John 3-3.21

There was one of the Pharisees named Nicodemus, a member of the Judean council, who came to Jesus by night. “Rabbi,” he said, “We know that you are a teacher sent by God; no one could perform these signs of yours unless God were with him.”

Jesus answered, “In truth, in very truth I tell you, unless a man has been born over again he cannot see the reign of God.”

“But how is it possible,” said Nicodemus, “for a man to be born when he is old? Can he enter his mother’s womb a second time and be born?”

Jesus answered, “In truth I tell you, no one can enter the kingdom of God without being born from water and spirit. Meat can give birth only to meat; it is spirit that gives birth to spirit. You shouldn’t be astonished, then, when I tell you you must be born over again.

“The wind blows where it wishes; you hear the sound of it; but you do not know where it comes from or where it is going. So with everyone who is born from spirit.”

Nicodemus replied, “How is this possible?”

“What?” said Jesus. “Is this famous teacher of Israel ignorant of such things? In very truth I tell you, we speak of what we know, and testify to what we have seen, and yet you reject all our testimony. If you disbelieve me when I talk to you about things on earth, how are you to know if I should talk about the Heavens?

“No one ever went up into Heaven except the one who came down from Heaven, the son of Adam whose home is in Heaven. This son of Adam must be lifted up as the serpent was lifted up by Moses in the wilderness, so that everyone who has faith in him may possess eternal life.

“God loved the world so much that he gave his only son, that everyone who has faith in him may not die but have eternal life. It was not to condemn the world that God sent his son into the world, but that through him the world might be saved.

“The man who puts his faith in him does not come under judgment; but the unbeliever has already been judged in that he has not given his allegiance to God’s only son. Here lies the test: The light has come into the world; but men preferred darkness to light because their deeds were evil. Bad men all hate the light and avoid it, for fear that their practices would be shown up. The honest man comes to the light so that it may be clearly seen that God is in all he does.”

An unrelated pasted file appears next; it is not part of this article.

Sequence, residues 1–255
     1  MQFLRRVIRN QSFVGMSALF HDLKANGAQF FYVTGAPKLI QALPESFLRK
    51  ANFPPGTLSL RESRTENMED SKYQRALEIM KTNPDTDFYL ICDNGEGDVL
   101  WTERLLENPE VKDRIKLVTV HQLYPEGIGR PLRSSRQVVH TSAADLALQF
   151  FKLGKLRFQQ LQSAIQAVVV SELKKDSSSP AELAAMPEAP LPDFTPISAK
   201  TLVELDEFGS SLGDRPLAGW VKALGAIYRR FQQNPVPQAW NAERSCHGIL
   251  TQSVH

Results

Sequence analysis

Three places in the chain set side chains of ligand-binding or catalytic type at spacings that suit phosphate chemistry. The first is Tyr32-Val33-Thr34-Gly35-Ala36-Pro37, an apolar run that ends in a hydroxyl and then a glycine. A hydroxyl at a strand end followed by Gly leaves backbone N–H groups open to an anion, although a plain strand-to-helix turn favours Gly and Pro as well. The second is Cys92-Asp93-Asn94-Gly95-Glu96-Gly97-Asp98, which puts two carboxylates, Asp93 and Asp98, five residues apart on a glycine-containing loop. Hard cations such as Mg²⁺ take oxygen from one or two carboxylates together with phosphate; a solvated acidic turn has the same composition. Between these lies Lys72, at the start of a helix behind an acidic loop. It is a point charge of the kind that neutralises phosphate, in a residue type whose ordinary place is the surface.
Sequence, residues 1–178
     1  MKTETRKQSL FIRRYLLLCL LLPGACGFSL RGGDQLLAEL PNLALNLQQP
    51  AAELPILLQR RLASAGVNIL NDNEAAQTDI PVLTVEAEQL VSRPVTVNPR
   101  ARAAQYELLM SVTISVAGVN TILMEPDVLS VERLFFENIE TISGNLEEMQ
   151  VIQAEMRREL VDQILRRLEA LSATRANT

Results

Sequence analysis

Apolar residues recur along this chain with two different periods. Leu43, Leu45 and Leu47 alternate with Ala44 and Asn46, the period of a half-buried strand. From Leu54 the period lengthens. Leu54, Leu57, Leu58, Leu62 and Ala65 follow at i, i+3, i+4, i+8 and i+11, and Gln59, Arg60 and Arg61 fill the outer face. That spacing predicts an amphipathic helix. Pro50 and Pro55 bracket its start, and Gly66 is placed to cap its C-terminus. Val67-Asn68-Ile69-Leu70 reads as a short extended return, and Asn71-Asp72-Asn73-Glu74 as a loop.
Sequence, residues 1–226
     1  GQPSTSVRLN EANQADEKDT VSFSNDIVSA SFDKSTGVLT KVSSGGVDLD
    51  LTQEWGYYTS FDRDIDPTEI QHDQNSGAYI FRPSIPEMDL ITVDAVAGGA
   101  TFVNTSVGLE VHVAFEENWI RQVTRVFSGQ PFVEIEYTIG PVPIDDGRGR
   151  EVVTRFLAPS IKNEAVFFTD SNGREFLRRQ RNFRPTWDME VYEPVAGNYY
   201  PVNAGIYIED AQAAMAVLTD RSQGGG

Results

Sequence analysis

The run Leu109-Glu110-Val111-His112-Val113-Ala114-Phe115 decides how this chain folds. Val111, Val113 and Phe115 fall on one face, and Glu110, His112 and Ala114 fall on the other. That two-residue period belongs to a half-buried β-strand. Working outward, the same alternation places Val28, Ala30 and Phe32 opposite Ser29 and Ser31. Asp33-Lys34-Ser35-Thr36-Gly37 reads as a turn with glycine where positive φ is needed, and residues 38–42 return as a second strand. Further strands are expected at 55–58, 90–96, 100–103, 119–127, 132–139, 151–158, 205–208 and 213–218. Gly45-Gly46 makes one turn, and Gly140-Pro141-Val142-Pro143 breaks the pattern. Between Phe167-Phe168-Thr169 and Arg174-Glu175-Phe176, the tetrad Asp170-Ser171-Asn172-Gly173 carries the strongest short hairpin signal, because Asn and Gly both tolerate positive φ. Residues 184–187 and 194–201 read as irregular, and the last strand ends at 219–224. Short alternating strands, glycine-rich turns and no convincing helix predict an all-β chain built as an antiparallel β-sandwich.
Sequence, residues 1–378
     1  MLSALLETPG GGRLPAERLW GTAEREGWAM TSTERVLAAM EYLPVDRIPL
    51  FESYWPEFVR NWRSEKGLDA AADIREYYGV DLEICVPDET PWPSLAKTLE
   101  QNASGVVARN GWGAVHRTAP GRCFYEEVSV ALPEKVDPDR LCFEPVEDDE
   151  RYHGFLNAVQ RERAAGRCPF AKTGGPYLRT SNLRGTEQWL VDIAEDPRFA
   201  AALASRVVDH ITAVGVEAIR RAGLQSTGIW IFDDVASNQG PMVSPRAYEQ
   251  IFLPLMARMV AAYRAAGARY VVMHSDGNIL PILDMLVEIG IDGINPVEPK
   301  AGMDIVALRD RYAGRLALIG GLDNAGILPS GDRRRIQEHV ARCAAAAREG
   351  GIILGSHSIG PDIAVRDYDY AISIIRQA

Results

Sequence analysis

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3 responses

  1. Jesus saith unto them, My meat is to do the will of him that sent me, and to finish his work. ~John 4.34This meat appears as sustenance, whereas in John 3 it seems to represent the physical manifestation of humans, as opposed to the spiritual awakening in them.If we are born of spirit, it is another kind of birth. In context of major cycles of spiritual evolution I can see this passage In context of a soliditary human life, it makes less sense.Nicodemus seems to be a doubter. There also seems to be tie between knowing and faith, underscording their similarity. That what we sense of the light in the world should tip us off that the divine is within us now.

  2. You're saying it makes more sense as "Unless you go through more than one incarnation you can't get it"? That makes sense, especially if the Hasidic belief in reincarnation goes back to this period, as who knows?I can also read it in a one-lifetime, state of mind sense: "If 'where you are coming from'= 'how you are conceiving of your existence' is about keeping your meat alive, you will think of life one way, while if you recognize yourself as intrinsically spiritual it puts you into an entirely different world."So is this saying, as it seems to, that God will Get you if you don't uncritically swallow this doctrine? That kind of smugish implication makes this sort of passage muy distasteful to me–but I can also read it as: "People will be stuck in samsara, maya, etc until they wise up, come clean, give their allegiance to their spiritual center." Which sounds like a different formulation of what Buddha was getting at. Except here we aren't getting that rejection of all desire, just the viewpoint that makes us imagine that we have to get all that our meat-bods would like.

  3. I can't help but look at this entire Gospel in the context of Hellenistic mystery religions. There is some of this that would seem familiar to an initiate of the Eleusinian Mysteries for instance. Also, my feminist body-centered spirituality winces at some of this language. Still…I also see this as a pretty good verse for Friends. I found a neat little commentary (Cokesbury Basic Bible Commentary: John by Norman Madsen). In it, Madsen reminds us that the Greek word for wind is pneuma which also means spirit. Jesus seems to be telling Nicodemus that despite his religious training, he is having difficulty hearing the Spirit. What a good verse for Friends' historical distaste for hireling ministry. Madsen writes that we can read Jesus' words as "The Spirit unites humanity with God in fellowship…Listen closely for the sound of the Spirit. Strain to listen in spite of your religious training. Allow the Spirit to freely lead you to God. Rely upon the Spirit and not your religious training."

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